• Participants in the gratitude condition also reported offering others more emotional support or help with a personal problem, indicating that the gratitude condition increased “pro-social” motivation.

A third study on gratitude was conducted with adults having congenital and adult-onset neuromuscular disorders (NMDs), with the majority having post-polio disease (PPS).

  • Compared to those who were not jotting down their blessings nightly, participants in the gratitude condition reported more hours of sleep each night, spending less time awake before falling asleep, and feeling more refreshed upon awakening.
  • The gratitude group also reported more satisfaction with their lives as a whole, felt more optimism about the upcoming week, and felt considerably more connected with others than did participants in the control condition.

The participants weren’t the only ones believing life was better. According to the researchers, “Spouses of the participants in the gratitude condition reported that the participants appeared to have higher subjective well-being than did the spouses of the participants in the control condition.”

There’s an old saying that if you’ve forgotten the language of gratitude, you’ll never be on speaking terms with happiness. It turns out this isn’t just a cute expression. Several studies have shown depression to be strongly inversely related to gratitude. The more grateful a person is, the less depressed they are. The more depressed, the less likely one is to feel thankful for life. One researcher, Philip Watkins, clinical psychologist at Eastern Washington University, found that clinically depressed individuals showed significantly lower gratitude (nearly 50 percent less) than non-depressed controls.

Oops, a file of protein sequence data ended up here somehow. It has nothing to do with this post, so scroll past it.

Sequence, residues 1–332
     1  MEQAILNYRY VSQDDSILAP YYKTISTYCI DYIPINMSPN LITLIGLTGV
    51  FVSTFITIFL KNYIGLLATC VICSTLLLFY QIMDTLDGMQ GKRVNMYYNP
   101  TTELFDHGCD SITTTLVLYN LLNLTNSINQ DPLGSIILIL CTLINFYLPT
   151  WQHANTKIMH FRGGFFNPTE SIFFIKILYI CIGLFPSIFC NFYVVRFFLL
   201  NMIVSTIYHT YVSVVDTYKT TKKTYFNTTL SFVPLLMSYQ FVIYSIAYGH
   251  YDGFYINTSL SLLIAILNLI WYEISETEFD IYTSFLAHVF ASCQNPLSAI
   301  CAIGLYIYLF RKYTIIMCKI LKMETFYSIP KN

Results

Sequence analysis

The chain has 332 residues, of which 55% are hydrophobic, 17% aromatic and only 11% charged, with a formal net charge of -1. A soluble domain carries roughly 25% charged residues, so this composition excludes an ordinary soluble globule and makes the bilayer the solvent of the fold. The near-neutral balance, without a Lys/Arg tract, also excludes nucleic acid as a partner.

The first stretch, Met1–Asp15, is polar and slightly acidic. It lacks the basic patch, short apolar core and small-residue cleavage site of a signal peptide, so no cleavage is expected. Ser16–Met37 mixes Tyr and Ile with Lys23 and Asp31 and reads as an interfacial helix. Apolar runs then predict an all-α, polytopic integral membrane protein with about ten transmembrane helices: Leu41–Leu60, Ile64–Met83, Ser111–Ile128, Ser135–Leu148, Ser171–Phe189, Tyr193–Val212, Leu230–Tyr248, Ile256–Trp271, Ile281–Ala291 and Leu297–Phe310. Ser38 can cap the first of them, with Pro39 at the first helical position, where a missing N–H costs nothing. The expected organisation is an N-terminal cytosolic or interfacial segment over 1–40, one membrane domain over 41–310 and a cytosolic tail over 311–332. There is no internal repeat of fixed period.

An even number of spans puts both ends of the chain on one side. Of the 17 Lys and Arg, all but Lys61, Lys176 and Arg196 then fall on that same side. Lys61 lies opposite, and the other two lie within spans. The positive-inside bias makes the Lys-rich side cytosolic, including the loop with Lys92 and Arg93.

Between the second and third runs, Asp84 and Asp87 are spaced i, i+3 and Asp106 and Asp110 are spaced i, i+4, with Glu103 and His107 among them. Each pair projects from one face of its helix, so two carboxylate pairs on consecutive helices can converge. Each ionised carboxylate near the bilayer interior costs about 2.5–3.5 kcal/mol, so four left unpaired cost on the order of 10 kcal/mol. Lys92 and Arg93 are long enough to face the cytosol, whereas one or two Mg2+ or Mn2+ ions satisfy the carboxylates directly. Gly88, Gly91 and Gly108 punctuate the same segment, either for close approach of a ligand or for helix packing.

One reason may be that people who are grateful tend to show a positive recall bias (conjuring up many more pleasant memories than unpleasant ones) when asked about past life events, just as depressed individuals show a negative recall bias when asked about past life events. Watkins suggests that gratitude may help alleviate depression for three other reasons:

  • Gratitude might increase a person’s potential for enjoyment of benefits and “the benevolence of the event.”
  • A grateful attitude may provide useful coping skills for dealing with losses and other stressful events, such as appreciating important things that we have previously taken for granted.
  • A grateful approach to life can increase one’s focus on their benefits in life.

Marriage: the 5 to 1 ratio

Dr. John Gottman at the University of Washington has been researching marriages for two decades. The bottom line of all that research, he concludes, is that unless a couple is able to maintain a high ratio of positive to negative encounters (5:1 or greater), it is likely the marriage will end.